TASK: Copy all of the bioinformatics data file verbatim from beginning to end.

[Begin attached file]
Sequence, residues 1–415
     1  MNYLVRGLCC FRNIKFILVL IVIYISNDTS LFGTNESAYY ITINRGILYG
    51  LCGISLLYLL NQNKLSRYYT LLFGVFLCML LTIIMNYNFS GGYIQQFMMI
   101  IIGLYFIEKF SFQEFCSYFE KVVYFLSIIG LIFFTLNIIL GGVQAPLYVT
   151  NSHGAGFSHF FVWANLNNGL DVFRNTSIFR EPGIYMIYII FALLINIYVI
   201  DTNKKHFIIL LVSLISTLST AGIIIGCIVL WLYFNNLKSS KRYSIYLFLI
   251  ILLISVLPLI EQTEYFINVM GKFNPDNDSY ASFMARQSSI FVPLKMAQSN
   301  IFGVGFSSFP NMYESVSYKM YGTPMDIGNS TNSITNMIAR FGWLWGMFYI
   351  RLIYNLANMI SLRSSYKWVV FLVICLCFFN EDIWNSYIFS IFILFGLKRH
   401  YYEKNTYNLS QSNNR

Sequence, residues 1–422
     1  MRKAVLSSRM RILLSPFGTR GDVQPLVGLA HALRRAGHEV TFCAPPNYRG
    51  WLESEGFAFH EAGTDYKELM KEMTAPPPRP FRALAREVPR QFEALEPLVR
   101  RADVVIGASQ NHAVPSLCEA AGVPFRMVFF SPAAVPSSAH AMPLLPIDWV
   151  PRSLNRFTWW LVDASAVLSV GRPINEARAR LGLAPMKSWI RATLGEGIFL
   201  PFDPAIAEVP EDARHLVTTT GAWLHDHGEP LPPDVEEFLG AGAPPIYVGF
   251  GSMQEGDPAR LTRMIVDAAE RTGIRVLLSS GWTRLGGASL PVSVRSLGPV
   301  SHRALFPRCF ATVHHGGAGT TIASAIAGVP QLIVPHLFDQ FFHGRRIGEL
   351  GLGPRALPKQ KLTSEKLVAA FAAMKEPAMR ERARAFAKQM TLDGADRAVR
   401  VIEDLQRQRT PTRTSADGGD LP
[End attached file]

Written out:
Sequence, residues 1–415
     1  MNYLVRGLCC FRNIKFILVL IVIYISNDTS LFGTNESAYY ITINRGILYG
    51  LCGISLLYLL NQNKLSRYYT LLFGVFLCML LTIIMNYNFS GGYIQQFMMI
   101  IIGLYFIEKF SFQEFCSYFE KVVYFLSIIG LIFFTLNIIL GGVQAPLYVT
   151  NSHGAGFSHF FVWANLNNGL DVFRNTSIFR EPGIYMIYII FALLINIYVI
   201  DTNKKHFIIL LVSLISTLST AGIIIGCIVL WLYFNNLKSS KRYSIYLFLI
   251  ILLISVLPLI EQTEYFINVM GKFNPDNDSY ASFMARQSSI FVPLKMAQSN
   301  IFGVGFSSFP NMYESVSYKM YGTPMDIGNS TNSITNMIAR FGWLWGMFYI
   351  RLIYNLANMI SLRSSYKWVV FLVICLCFFN EDIWNSYIFS IFILFGLKRH
   401  YYEKNTYNLS QSNNR

Sequence, residues 1–422
     1  MRKAVLSSRM RILLSPFGTR GDVQPLVGLA HALRRAGHEV TFCAPPNYRG
    51  WLESEGFAFH EAGTDYKELM KEMTAPPPRP FRALAREVPR QFEALEPLVR
   101  RADVVIGASQ NHAVPSLCEA AGVPFRMVFF SPAAVPSSAH AMPLLPIDWV
   151  PRSLNRFTWW LVDASAVLSV GRPINEARAR LGLAPMKSWI RATLGEGIFL
   201  PFDPAIAEVP EDARHLVTTT GAWLHDHGEP LPPDVEEFLG AGAPPIYVGF
   251  GSMQEGDPAR LTRMIVDAAE RTGIRVLLSS GWTRLGGASL PVSVRSLGPV
   301  SHRALFPRCF ATVHHGGAGT TIASAIAGVP QLIVPHLFDQ FFHGRRIGEL
   351  GLGPRALPKQ KLTSEKLVAA FAAMKEPAMR ERARAFAKQM TLDGADRAVR
   401  VIEDLQRQRT PTRTSADGGD LP